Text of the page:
His Lordship Justice Dr. Emmanuel Ugirashebuja, President of the Court welcomed the Registrar to the East African Court of Justice and wished the best in his new office as the 2nd Registrar of the Mechanism.
 
The Registrar of the Mechanism expressed his gratitude to visit the EACJ and called upon the Judges and staff of the Court to have access to the records of the MICT for several purposes. His Worship explained that, the Mechanism has two branches: one in Arusha, United Republic of Tanzania, which covers functions inherited from the International Criminal Tribunal for Rwanda (ICTR), Arusha Branch, and the other in the Hague, the Netherlands, which covers functions inherited from the International Criminal Tribunal for Yugoslavia (ICTY), the Hague Branch. The Arusha Branch additionally has a satellite field office located in Kigali, Rwanda ("Kigali Office").
 
His Worship also told the meeting that he heads the Registry of the Mechanism, which is responsible for the institution’s administration. That the Registry also assists the Chambers, and the Office of the Prosecutor, in the performance of their responsibilities through the provision of support services.
 
Mr. Samuel Akorimo, Head of Office MICT Registry Arusha Branch, said that the functions of the Mechanisms include; assistance to national jurisdictions. That with the completion of the ICTR’s mandate at the end of 2015, and the expected completion of the ICTY’s mandate at the end of 2017, further cases related to crimes committed in Rwanda and the former Yugoslavia are now being tried within national jurisdictions.
 
Consequently, the number of requests for assistance from courts, prosecutors, and defence lawyers in relation to national investigations and prosecutions has been growing. That the Mechanism responds to requests for assistance from national authorities and others by providing evidence, facilitating the collection of information, and offering other technical support at their request.
 
He further said that cases referred to national jurisdictions, Pursuant to Article 6(5) of its Statute, the Mechanism is responsible for monitoring cases referred by the ICTR and the ICTY to national courts, with the assistance of international and regional organizations and bodies. That the Mechanism currently monitors five cases referred by the ICTR to national courts.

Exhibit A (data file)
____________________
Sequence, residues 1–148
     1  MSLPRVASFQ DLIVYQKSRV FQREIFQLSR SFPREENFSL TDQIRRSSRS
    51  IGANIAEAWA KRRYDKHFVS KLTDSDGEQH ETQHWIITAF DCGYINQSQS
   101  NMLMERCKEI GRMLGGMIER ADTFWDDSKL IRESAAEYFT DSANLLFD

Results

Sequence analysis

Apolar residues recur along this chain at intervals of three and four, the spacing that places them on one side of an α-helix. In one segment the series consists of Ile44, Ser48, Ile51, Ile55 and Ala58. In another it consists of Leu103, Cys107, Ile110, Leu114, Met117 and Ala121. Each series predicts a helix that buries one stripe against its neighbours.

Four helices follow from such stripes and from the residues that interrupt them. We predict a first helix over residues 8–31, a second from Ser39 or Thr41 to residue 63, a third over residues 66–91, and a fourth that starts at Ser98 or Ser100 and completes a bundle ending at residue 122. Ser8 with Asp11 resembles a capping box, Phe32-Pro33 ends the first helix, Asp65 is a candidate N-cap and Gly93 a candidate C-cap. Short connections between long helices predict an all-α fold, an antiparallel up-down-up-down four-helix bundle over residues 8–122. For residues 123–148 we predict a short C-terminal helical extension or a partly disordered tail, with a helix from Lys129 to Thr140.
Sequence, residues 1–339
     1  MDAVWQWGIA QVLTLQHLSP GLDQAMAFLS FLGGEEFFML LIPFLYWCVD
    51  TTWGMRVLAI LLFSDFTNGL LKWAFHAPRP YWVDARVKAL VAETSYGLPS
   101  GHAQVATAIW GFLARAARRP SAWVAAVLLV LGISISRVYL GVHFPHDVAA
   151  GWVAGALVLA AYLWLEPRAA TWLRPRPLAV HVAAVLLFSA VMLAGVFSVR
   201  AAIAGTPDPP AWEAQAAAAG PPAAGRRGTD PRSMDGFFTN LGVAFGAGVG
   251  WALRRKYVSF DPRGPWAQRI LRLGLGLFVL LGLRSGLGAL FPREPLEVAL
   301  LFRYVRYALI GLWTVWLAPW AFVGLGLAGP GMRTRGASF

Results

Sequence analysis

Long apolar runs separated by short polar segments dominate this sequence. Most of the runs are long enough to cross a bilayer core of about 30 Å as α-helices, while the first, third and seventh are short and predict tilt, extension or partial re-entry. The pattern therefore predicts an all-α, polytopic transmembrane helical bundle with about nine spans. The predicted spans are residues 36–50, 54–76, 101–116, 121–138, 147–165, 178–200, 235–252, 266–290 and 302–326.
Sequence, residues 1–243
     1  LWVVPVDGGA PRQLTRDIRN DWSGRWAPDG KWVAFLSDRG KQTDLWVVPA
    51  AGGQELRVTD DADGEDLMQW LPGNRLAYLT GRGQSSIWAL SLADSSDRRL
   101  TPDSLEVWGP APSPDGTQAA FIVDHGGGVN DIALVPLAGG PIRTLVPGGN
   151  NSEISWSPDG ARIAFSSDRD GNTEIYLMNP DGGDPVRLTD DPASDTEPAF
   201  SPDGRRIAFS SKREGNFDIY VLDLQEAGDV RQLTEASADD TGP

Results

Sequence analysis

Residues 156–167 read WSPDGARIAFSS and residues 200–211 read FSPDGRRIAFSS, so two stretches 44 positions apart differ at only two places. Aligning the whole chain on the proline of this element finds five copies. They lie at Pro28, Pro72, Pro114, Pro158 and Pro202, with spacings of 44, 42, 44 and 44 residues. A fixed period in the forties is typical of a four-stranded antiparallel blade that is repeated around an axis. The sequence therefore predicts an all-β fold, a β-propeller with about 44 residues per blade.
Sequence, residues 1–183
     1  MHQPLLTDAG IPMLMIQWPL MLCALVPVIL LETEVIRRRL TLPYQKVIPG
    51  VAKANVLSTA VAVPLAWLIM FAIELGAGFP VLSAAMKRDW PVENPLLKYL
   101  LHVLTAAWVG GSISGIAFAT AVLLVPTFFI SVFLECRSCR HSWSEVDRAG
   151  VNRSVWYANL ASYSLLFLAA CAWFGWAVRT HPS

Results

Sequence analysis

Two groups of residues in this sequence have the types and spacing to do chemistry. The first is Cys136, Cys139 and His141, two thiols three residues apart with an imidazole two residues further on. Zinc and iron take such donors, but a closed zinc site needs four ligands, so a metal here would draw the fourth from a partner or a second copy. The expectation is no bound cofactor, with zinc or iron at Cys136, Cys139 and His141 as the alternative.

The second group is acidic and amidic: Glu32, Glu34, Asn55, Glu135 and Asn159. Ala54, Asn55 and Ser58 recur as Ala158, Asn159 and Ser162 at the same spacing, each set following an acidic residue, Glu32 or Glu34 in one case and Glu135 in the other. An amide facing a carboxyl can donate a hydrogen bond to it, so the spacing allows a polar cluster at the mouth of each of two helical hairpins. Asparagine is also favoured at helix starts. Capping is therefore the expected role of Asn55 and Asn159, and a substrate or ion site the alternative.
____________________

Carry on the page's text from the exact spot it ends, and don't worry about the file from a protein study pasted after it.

In addition his Worship said that, the Mechanism is responsible for the preservation, including the management and access, of the ICTR, the ICTY, and the Mechanism archives. These archives document investigations, indictments, and court proceedings, the protection of witnesses, work relating to the detention of accused persons, the enforcement of sentences, and the Tribunals’ relationships with States, other law enforcement authorities, international and non-governmental organizations, and the general public.
 
The archives consist of a range of materials, from photographs and documents to maps and audiovisual recordings. That the archives are the property of the United Nations and the Mechanism Archives and Records Section (“MARS”) preserves them in accordance with the highest international standards.
 
The Registrar added that also the Mechanism facilitates the tracking and prosecution of remaining fugitives. He said that eight individuals indicted by the ICTR for genocide, crimes against humanity, and war crimes are still at large, three individuals are expected to be tried by the Mechanism, and the cases of the remaining five individuals are expected to be tried in Rwanda. That locating and arresting the remaining ICTR fugitives is a top priority for the Mechanism’s Office of the Prosecutor.
 
He further said that among other functions of the Mechanism is protection of victims and witnesses, that over 10,000 witnesses, many of whom are also victims, gave evidence before the ICTR and the ICTY. In total, 46 per cent of those witnesses were granted protective measures by the Tribunals.  He further said that the Mechanism continues to ensure that witnesses receive protection and support both for ongoing cases before the Mechanism and completed cases from the two Tribunals and the Mechanism.
 
Registrar also added that supervision of enforcement of sentences is a key function of the Mechanisms. Those persons convicted by the ICTR, the ICTY, and the Mechanism serve their sentences in one of the States that have signed an agreement on the enforcement of sentences. That these sentences are enforced in accordance with international standards on detention and the applicable law of the enforcing State, subject to the supervision of the Mechanism. He also said that the President of the Mechanism is responsible for designating the State of enforcement, supervising the enforcement of sentences, and deciding on requests for pardon, commutation of sentence, or early release.